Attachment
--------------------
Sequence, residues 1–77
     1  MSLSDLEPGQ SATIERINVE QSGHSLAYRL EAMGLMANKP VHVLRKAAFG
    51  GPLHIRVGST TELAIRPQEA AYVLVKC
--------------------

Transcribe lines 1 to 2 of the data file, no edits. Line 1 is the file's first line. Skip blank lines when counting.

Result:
Sequence, residues 1–77
     1  MSLSDLEPGQ SATIERINVE QSGHSLAYRL EAMGLMANKP VHVLRKAAFG